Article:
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dc.contributor.authorNamakula, Justine
dc.contributor.authorWitter, Sophie
dc.date.accessioned2018-06-29T22:02:20Z
dc.date.available2018-06-29T22:02:20Z
dc.date.issued2014-09
dc.identifierER3581
dc.identifier.citationNamakula, J. & Witter, S. (2014) Living through conflict and post-conflict: experiences of health workers in northern Uganda and lessons for people-centred health systems, Health Policy and Planning, vol. 29, , pp. ii6-ii14,
dc.identifier.issn0268-1080
dc.identifier.urihttp://dx.doi.org/10.1093/heapol/czu022
dc.identifier.urihttps://eresearch.qmu.ac.uk/handle/20.500.12289/3581
dc.description.abstractProviding people-centred health systems-or any systems at all-requires specific measures to protect and retain healthcare workers during and after the conflict. This is particularly important when health staff are themselves the target of violence and abduction, as is often the case. This article presents the perspective of health workers who lived through conflict in four districts of northern Uganda-Pader, Gulu, Amuru, and Kitgum. These contained more than 90% of the people displaced by the decades of conflict, which ended in 2006. The article is based on 26 in-depth interviews, using a life history approach. This participatory tool encouraged participants to record key events and decisions in their lives, and to explore areas such as their decision to become a health worker, their employment history, and their experiences of conflict and coping strategies. These were analyzed thematically to develop an understanding of how to protect and retain staff in these challenging contexts. During the conflict, many health workers lost their lives or witnessed the death of their friends and colleagues. They also experienced abduction, ambush and injury. Other challenges included disconnection from social and professional support systems, displacement, limited supplies and equipment, increased workload and long working days and lack of pay. Health workers were not passive in the face of these challenges, however. They adopted a range of safety measures, such as mingling with community members, sleeping in the bush, and frequent change of sleeping place, in addition to psychological and practical coping strategies. Understanding their motivation and their views provides an important insight how to maintain staffing and so to continue to offer essential health care during difficult times and in marginalized areas.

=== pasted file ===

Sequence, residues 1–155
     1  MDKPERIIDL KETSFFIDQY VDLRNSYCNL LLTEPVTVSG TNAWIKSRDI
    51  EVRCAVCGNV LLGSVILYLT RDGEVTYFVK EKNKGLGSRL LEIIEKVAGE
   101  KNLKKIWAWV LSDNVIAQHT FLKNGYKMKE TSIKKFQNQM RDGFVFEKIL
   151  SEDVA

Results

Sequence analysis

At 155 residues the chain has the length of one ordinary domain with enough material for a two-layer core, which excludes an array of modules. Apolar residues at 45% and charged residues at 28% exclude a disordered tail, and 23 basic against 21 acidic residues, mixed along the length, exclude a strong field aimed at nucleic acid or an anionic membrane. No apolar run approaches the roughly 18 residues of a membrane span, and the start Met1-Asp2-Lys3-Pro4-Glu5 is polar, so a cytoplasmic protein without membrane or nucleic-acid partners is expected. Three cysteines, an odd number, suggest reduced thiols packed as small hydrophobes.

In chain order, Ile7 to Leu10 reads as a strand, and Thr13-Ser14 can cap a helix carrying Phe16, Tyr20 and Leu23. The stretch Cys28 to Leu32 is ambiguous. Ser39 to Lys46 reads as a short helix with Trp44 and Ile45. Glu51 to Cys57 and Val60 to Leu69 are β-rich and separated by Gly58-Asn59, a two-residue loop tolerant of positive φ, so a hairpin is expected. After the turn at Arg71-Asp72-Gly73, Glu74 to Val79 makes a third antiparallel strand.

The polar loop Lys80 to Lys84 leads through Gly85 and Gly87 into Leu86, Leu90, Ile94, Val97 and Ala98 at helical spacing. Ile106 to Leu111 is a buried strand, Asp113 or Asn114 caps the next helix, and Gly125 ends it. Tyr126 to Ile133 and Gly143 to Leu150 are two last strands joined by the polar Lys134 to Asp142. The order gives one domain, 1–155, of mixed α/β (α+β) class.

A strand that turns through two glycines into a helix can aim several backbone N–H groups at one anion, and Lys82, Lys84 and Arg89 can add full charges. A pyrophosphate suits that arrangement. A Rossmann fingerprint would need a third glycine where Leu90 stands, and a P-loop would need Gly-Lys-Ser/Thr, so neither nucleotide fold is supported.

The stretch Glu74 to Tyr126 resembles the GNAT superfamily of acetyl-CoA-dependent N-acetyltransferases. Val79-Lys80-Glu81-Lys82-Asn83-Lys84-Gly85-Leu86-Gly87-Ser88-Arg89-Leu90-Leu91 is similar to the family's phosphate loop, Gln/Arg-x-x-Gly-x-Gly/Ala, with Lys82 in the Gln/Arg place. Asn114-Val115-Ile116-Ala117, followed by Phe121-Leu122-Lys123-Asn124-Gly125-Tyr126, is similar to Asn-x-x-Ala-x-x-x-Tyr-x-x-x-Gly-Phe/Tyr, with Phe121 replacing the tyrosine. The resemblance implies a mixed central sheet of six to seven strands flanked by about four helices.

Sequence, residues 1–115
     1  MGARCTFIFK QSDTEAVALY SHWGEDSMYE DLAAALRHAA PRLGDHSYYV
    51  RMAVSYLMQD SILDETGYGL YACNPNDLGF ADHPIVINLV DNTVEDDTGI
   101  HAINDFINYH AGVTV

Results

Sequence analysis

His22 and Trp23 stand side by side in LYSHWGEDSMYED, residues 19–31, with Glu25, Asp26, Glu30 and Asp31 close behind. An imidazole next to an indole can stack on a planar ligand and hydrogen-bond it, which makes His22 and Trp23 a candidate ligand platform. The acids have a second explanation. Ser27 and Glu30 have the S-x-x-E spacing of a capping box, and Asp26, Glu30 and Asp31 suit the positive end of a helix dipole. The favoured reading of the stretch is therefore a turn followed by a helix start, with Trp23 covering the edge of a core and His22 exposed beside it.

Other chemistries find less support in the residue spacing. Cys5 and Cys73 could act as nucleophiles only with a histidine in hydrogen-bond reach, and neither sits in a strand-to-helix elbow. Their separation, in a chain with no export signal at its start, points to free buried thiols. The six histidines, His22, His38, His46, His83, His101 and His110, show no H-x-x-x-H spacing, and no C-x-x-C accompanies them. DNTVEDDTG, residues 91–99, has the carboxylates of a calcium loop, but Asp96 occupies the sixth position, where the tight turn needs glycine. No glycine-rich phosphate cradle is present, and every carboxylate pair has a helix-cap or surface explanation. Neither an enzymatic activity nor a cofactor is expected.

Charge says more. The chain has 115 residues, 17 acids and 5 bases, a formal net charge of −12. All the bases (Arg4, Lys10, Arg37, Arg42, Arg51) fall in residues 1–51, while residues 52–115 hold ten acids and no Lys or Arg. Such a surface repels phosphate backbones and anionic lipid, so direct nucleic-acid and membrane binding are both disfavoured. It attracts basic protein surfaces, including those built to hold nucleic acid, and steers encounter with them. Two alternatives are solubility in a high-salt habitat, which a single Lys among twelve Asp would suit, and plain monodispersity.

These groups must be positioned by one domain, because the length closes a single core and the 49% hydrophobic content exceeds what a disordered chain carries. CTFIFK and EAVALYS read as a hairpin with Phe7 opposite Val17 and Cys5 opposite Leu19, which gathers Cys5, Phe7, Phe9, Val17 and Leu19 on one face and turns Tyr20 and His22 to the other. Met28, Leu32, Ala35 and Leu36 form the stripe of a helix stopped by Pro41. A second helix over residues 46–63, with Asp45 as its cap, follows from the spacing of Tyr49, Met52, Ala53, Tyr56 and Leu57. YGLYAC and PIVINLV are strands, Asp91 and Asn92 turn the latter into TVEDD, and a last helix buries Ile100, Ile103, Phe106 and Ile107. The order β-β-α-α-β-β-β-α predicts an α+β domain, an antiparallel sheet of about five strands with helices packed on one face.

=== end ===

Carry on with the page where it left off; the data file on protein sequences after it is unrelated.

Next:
dc.format.extentii6-ii14
dc.relation.ispartofHealth Policy and Planning
dc.titleLiving through conflict and post-conflict: experiences of health workers in northern Uganda and lessons for people-centred health systems
dc.typearticle
dcterms.accessRightsrestricted
dc.description.facultysch_iih
dc.description.volume29
dc.identifier.doihttp://doi:10.1093/heapol/czu022
dc.description.ispublishedpub
dc.description.eprintid3581
rioxxterms.typearticle
qmu.authorWitter, Sophie
qmu.centreInstitute for Global Health and Development
dc.description.statuspub
dc.description.numbersuppl


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